# Review BPS chapter 1 Picturing Distributions with Graphs What is Statistics ? Individuals and variables Two types of data: categorical and quantitative.

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Review BPS chapter 1 Picturing Distributions with Graphs What is Statistics ? Individuals and variables Two types of data: categorical and quantitative Ways to chart categorical data: bar graphs and pie charts Ways to chart quantitative data: histograms and stem plots Interpreting histograms Time plots

Example BPS chapter 1 Indicate whether each of the following variables is categorical or quantitative. a. We have data on 20 individuals measuring amount of time it takes to climb five flights of stairs. b. During a clinical trial, an experimental pain relief drug is administered to individuals. Each individual is then asked whether s/he experienced any pain relief. Quantitative Categorical

Objectives (BPS chapter 2) Describing distributions with numbers Measure of center: mean and median Measure of spread: quartiles and standard deviation The five-number summary and boxplots IQR and outliers Choosing among summary statistics

The mean or arithmetic average To calculate the average, or mean, add all values, then divide by the number of individuals. It is the “center of mass.” Sum of heights is 1598.3 Divided by 25 women = 63.9 inches Measure of center: the mean

Mathematical notation: Learn right away how to get the mean using your calculators.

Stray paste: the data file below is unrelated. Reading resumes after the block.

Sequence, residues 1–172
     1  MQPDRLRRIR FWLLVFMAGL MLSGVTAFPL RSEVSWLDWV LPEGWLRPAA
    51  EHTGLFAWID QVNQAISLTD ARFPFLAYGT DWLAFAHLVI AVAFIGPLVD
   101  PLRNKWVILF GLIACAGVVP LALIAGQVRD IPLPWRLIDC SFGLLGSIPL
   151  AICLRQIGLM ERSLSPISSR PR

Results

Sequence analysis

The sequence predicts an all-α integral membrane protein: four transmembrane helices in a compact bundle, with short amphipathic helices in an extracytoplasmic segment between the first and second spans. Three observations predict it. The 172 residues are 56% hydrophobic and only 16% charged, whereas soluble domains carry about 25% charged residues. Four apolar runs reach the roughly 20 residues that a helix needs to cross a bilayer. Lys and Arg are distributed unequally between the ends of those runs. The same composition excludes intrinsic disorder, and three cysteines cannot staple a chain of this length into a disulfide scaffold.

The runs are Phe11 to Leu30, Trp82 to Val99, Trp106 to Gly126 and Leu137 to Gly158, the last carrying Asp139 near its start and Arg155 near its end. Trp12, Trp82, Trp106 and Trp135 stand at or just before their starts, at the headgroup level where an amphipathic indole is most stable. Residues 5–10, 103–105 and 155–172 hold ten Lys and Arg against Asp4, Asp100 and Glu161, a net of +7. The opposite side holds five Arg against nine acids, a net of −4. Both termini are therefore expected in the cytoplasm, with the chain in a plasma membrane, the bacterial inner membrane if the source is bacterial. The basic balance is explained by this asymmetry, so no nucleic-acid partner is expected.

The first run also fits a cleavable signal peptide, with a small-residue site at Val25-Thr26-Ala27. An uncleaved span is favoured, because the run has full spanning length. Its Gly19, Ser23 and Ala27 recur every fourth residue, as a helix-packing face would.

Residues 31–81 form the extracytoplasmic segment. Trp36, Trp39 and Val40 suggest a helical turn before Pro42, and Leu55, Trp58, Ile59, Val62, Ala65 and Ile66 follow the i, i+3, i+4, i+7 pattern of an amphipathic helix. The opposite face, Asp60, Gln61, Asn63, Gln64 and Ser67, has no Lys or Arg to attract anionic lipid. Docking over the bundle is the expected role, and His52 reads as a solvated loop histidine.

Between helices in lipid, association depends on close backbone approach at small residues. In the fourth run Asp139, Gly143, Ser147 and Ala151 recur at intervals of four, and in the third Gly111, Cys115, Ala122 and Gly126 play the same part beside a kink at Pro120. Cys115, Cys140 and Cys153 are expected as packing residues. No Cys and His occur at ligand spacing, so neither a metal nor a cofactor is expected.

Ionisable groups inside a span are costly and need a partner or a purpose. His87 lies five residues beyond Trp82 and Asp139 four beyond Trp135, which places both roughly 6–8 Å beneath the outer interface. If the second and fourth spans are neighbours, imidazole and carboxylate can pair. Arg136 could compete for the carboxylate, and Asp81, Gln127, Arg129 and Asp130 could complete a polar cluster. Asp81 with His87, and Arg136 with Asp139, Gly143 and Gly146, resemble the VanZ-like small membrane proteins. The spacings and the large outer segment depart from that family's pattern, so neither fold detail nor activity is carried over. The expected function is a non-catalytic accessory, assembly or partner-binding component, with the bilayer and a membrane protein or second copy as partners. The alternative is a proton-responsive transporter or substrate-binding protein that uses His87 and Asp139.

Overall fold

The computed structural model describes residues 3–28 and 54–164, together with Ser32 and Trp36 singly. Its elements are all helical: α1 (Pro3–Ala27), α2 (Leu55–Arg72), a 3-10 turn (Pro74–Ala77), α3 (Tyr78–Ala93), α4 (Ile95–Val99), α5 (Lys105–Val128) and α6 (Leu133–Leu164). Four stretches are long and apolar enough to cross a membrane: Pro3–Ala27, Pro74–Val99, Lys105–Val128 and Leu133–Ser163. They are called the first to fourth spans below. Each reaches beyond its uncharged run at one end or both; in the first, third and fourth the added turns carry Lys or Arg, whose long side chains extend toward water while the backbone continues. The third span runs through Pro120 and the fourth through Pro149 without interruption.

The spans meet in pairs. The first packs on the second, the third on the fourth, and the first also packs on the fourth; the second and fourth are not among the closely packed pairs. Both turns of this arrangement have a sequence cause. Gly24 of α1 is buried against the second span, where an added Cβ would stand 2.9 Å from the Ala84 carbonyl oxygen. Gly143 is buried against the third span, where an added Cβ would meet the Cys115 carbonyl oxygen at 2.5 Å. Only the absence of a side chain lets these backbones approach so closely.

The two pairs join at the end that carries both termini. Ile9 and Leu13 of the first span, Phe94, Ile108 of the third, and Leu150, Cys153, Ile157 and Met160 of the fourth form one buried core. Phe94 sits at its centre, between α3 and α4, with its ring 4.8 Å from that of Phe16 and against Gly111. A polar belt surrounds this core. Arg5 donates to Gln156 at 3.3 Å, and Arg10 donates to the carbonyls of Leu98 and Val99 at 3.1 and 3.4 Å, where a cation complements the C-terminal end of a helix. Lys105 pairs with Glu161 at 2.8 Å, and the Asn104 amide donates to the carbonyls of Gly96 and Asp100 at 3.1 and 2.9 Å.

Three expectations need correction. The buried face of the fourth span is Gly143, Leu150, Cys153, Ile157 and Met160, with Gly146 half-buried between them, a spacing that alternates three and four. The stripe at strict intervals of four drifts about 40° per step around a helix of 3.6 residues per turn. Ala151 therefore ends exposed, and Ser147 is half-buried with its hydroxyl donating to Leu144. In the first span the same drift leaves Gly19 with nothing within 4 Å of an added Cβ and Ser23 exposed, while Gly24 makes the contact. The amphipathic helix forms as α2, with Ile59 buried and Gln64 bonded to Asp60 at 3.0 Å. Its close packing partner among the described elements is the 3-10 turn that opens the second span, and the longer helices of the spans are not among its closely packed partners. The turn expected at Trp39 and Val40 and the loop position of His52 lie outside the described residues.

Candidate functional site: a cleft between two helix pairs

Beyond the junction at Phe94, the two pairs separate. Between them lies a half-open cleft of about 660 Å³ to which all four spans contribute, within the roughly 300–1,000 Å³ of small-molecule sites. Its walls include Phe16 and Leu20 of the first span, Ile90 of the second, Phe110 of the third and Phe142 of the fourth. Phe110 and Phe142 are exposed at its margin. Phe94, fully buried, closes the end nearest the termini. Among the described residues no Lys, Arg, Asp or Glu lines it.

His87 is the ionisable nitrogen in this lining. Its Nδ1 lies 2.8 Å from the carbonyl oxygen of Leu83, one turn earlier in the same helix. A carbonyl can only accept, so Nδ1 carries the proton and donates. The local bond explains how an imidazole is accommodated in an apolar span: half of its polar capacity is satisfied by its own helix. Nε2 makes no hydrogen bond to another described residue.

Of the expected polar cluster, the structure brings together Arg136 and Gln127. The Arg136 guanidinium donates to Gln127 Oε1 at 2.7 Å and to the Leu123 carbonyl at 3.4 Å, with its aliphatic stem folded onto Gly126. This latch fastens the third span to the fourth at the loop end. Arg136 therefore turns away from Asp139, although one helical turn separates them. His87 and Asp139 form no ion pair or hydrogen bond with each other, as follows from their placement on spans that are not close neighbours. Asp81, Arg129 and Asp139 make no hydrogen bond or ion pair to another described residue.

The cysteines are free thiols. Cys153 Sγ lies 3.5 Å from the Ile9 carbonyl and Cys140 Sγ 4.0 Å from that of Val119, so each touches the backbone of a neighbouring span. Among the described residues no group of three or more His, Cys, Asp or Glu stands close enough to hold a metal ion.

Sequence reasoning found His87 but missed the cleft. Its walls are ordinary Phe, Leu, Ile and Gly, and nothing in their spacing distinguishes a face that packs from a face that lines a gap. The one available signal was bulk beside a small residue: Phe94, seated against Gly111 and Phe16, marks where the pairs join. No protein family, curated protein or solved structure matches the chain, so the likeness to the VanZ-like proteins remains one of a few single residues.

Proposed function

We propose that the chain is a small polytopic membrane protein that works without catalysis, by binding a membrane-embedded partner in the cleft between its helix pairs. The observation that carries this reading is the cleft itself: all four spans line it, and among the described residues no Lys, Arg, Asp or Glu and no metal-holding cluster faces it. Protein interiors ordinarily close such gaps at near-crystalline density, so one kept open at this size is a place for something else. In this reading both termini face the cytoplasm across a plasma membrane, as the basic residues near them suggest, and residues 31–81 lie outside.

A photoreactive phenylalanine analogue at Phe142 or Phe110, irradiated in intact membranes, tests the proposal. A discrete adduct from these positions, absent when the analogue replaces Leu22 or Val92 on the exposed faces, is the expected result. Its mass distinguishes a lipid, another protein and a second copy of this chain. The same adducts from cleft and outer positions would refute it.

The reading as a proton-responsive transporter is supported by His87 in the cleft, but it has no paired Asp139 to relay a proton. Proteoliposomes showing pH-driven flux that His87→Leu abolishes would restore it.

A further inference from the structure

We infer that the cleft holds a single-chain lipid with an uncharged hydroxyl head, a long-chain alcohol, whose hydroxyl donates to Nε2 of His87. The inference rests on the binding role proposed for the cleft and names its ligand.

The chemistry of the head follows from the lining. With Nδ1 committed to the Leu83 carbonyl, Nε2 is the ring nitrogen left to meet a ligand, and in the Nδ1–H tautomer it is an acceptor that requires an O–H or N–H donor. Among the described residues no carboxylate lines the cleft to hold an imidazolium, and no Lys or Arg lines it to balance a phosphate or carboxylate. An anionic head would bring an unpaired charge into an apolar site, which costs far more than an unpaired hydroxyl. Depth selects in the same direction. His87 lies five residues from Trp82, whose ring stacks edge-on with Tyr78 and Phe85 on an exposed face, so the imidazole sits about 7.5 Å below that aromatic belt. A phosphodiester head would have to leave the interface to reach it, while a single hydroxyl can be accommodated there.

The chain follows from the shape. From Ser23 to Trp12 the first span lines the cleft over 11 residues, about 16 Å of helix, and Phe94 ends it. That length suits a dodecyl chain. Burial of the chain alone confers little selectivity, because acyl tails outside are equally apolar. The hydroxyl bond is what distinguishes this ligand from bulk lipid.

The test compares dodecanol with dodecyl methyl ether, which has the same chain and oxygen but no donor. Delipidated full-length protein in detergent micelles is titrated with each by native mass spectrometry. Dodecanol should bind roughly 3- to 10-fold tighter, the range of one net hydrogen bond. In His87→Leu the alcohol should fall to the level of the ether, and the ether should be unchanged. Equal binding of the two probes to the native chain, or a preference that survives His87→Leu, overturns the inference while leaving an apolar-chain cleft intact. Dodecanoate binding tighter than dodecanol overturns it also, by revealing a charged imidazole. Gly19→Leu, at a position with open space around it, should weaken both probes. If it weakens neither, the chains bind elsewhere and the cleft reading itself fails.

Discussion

Measure of center: the median The median(M) is the midpoint of a distribution—the number such that half of the observations are smaller and half are larger. 1. Sort observations from smallest to largest. 2. Find the location of the median (L) n = 24  L=(n+1)/2 = 12.5 M= (3.3+3.4) /2 = 3.35 (2). If n is even, the median is the mean of the two center observations  n = 25 L=(n+1)/2 = 26/2 = 13 M = 3.4 (1). If n is odd, the median is observation (n+1)/2 down the list n = number of observations

Mean and median for skewed distributions Mean and median for a symmetric distribution Left skewRight skew Mean Median Mean Median Mean Median Comparing the mean and the median The mean and the median are the same only if the distribution is symmetrical. In a skewed distribution, the mean is usually farther out in the long tail than is the median. The median is a measure of center that is resistant to skew and outliers. The mean is not.

The median, on the other hand, is only slightly pulled to the right by the outliers (from 3.4 to 3.6). The mean is pulled to the right a lot by the outliers (from 3.4 to 4.2). Percent of people dying Mean and median of a distribution with outliers Without the outliers With the outliers

Disease X: Mean and median are the same. Mean and median of a symmetric distribution Multiple myeloma: and a right-skewed distribution The mean is pulled toward the skew. Impact of skewed data

Example: STAT 200 Midterm Score Midterm 30 35 40 45 50 55 60 65 70 100 Descriptive Statistics: Midterm Variable N Mean StDev Minimum Q1 Median Q3 Maximum Midterm 20 53.75 18.98 30.00 40.00 47.50 63.75 100.00

M = median = 3.4 Q 1 = first quartile = 2.2 Q 3 = third quartile = 4.35 Measure of spread : quartiles The first quartile, Q 1, is the value in the sample that has 25% of the data at or below it. The third quartile, Q 3, is the value in the sample that has 75% of the data at or below it.

M = median = 3.4 Q 3 = third quartile = 4.35 Q 1 = first quartile = 2.2 Largest = max = 6.1 Smallest = min = 0.6 “Five-number summary” Center and spread in boxplots